3. Quality of project design (25 points) (cont’d)
  • Improve student achievement for all students
  • Carry out a high-quality education program that will encourage greater parental decision-making and involvement
  • Increase student academic

achievement in the instructional

area or areas offered by the school

3 quality of project design 25 points cont d33
3. Quality of Project Design (25 points) (cont’d)
  • Activities are directly related to improving student academic achievement based on State’s challenging academic content standards and student academic achievement
4 budget and resources 10 points
4. Budget and Resources (10 points)
  • Adequacy of the facilities
  • Adequacy of the equipment and supplies
  • Adequacy and reasonableness

of budget in relation to objectives

5 evaluation plan 10 points
5. Evaluation Plan (10 points)
  • Methods appropriate to project
  • Success in meeting intended outcomes including desegregation goals
  • Includes methods that are objective and will produce data that are quantifiable
6 commitment and capacity 15 points
6. Commitment and Capacity (15 points)
  • Likelihood of continuation of magnet school after assistance
  • Commitment to magnet school project
  • Identification of other resources

to continue support after

funding ceases

program measures
Program Measures
  • Percentage of magnet schools whose student applicant pool reduces, eliminates or prevents minority group isolation
  • Percentage of magnet schools whose students from major racial and ethnic groups
  • (as identified in your project)
  • meet or exceed State annual
  • progress standards in reading
  • and language arts.
program measures38
Program Measures
  • Percentage of magnet schools whose students from major racial and ethnic groups (as identified in your project) meet or exceed State annual progress standards in mathematics
  • Percentage of magnet schools
  • that received assistance that are
  • still operating programs 3 years
  • after Federal funding ends
program measures39
Program Measures
  • Percentage of magnet schools that received assistance that meet State standards at least 3 years after Federal funding ends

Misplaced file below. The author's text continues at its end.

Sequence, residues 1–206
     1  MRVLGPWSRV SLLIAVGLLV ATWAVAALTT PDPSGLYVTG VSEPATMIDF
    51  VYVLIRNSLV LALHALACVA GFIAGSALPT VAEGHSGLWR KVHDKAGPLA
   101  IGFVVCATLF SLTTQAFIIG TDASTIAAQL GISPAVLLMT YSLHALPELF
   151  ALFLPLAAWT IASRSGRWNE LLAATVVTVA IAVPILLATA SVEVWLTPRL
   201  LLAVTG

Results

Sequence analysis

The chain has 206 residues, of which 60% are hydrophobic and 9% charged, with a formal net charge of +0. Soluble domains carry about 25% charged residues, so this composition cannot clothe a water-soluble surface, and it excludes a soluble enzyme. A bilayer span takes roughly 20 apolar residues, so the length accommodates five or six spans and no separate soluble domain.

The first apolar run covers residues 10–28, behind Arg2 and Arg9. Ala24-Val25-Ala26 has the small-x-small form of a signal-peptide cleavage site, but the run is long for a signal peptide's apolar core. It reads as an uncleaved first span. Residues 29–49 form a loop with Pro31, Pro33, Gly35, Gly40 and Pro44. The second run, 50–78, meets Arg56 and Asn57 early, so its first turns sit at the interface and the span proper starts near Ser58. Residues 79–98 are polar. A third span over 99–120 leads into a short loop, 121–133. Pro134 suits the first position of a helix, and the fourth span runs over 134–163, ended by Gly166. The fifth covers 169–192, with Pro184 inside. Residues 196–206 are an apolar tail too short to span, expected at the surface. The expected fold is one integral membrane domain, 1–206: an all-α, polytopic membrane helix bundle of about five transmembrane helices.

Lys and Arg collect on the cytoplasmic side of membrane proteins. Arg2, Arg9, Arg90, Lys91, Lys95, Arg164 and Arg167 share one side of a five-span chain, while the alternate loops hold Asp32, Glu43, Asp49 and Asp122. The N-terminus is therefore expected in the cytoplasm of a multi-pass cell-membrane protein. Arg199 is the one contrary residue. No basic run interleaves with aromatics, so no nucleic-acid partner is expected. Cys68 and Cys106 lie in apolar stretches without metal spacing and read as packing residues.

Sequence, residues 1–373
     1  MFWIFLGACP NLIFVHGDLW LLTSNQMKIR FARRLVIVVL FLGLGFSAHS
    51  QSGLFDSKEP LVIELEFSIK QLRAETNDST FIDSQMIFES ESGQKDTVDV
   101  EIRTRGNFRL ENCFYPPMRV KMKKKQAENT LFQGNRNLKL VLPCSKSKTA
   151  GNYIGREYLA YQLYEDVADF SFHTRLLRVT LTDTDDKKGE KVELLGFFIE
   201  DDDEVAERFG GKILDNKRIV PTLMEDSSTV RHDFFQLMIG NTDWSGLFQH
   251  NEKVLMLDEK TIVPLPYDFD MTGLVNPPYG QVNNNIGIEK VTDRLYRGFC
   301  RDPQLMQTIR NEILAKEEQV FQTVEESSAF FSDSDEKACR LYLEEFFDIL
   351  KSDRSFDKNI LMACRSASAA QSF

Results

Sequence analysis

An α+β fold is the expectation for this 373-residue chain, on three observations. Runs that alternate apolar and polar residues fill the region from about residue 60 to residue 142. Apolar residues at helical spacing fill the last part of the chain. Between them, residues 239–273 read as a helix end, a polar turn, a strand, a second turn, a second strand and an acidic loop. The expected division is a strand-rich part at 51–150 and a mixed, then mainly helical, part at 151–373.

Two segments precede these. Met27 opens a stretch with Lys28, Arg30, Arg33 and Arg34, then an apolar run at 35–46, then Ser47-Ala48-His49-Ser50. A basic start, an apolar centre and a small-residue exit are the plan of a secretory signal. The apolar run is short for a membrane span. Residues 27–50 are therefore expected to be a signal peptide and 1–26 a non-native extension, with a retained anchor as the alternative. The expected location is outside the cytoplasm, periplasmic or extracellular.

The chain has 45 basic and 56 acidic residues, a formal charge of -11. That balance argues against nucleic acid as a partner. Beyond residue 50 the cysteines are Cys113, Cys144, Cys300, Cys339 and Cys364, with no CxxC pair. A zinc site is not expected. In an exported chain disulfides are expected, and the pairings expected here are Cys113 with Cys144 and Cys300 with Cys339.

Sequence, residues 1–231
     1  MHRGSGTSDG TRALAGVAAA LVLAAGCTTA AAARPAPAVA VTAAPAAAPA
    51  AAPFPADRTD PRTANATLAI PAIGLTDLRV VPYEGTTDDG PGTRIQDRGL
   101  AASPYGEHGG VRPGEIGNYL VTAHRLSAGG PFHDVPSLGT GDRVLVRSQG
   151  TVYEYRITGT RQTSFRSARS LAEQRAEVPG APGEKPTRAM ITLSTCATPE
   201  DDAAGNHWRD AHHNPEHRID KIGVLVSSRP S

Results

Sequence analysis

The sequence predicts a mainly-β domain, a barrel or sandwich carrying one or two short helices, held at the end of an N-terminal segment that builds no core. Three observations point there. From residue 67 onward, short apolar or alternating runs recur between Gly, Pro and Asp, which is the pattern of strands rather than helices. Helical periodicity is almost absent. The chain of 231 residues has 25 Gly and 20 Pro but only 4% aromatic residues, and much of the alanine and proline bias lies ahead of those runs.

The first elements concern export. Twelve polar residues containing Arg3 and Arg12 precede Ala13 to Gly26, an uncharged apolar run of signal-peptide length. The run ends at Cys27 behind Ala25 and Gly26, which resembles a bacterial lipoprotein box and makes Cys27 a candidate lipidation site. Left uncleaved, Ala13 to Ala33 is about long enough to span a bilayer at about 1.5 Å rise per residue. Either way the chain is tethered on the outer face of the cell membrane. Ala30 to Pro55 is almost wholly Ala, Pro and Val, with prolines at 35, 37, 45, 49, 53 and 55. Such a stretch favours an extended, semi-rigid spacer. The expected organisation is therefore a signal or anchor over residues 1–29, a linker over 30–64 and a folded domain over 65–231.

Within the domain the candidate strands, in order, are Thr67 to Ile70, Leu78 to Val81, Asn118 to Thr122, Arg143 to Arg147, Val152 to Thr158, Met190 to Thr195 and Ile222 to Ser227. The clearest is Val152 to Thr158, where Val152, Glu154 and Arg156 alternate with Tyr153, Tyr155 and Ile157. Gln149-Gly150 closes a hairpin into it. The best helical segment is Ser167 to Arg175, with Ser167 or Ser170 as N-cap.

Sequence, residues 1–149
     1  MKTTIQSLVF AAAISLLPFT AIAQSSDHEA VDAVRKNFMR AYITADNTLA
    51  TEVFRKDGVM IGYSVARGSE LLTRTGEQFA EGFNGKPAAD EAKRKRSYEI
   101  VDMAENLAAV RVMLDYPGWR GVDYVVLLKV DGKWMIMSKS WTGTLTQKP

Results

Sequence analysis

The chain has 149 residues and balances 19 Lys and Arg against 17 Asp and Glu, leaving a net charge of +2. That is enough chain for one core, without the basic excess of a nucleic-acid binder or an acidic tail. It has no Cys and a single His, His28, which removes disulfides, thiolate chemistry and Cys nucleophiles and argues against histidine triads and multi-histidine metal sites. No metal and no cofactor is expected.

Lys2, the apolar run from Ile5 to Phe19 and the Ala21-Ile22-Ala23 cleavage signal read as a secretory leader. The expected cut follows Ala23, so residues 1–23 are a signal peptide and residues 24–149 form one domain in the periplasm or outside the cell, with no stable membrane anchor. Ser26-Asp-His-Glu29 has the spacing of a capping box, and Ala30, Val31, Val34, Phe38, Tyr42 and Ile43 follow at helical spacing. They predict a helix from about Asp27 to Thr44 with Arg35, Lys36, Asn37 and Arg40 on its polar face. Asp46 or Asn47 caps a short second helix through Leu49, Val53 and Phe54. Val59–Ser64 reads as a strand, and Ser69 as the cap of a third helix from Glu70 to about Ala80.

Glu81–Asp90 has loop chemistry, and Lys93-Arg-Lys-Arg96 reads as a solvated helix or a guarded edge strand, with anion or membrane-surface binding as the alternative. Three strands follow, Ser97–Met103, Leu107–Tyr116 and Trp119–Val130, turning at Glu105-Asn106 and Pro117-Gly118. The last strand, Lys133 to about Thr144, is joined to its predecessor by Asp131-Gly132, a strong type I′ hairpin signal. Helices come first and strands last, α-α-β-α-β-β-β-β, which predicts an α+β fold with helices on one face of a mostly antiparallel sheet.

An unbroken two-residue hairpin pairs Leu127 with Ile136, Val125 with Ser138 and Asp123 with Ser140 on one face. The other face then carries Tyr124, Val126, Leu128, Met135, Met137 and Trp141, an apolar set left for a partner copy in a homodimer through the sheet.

• The cost per student in a Magnet School
data forms
Data Forms
  • LEA Enrollment Data
  • Magnet School – Enrollment Data
  • Feeder School – Enrollment Data
reporting requirements
Reporting Requirements
  • Annual performance reports are required in order to receive continuation funding.
  • Program Performance Measures must be addressed as part of the annual performance report.
  • A final performance report, along

with financial information, must be

submitted at the end of the project

period.

application requirements
Application Requirements
  • Abstract Narrative (1 page )
  • Table of contents for Program Narrative
  • Program Narrative (100 pages)
    • Addresses the selection criteria

and competitive preference

priorities 1 and 4

application requirements43
Application Requirements

NOTE:

  • Competitive Preference Priority 2 should be addressed utilizing Table 14
  • Competitive Preference Priority

3 should be addressed utilizing

Table 13

application requirements44
Application Requirements
  • Budget Forms (ED Form 524)
  • Itemized budget and budget narrative
  • Desegregation Plan
  • Assurances and Certifications
award information
Award Information
  • Estimated available funds: $100,000,000
  • Estimated award range:

$350,000 - $4,000,000 per year

  • Estimated average size of awards:

$2,500,000 per year

award information46
Award Information
  • Estimated number of awards: 40
  • Project period: up to 36 months
  • Maximum award: $4,000,000 per year

The Department is not bound by

any estimates presented in the NIA.

application submission
Application Submission
  • Applications must be submitted
  • electronically using e-Application at:
  • http://e-grants.ed.gov
  • Applications must be submitted by
  • May 3, 2010 at 4:30 P.M.
  • Washington DC time
application submission48
Application Submission
  • Register early at:
  • http://e- grants.ed.gov/egHome.asp
  • Use the application checklist
  • Submit your application early
  • Print all error messages
  • Reach the GAPS Hotline
  • Help desk at 1-888-336-8930.
application submission49
Application Submission
  • E-grants Website Availability
overview of msap application review process
Overview of MSAP Application Review Process
  • Applications are evaluated by three-person
  • panels
  • Scores from each reviewer for criteria and
  • priorities are averaged to create an
  • application score, which is then rank
  • ordered
  • Applications that fall within the
  • competitive range are forwarded to
  • OCR for review
contact information
Contact Information

MSAP Team:

  • Anna Hinton, Ph.D., Director, Parental Options and Information
  • Rosie Kelley, Team Lead, Education Program Specialist
  • Michelle Armstrong, Management

and Program Analyst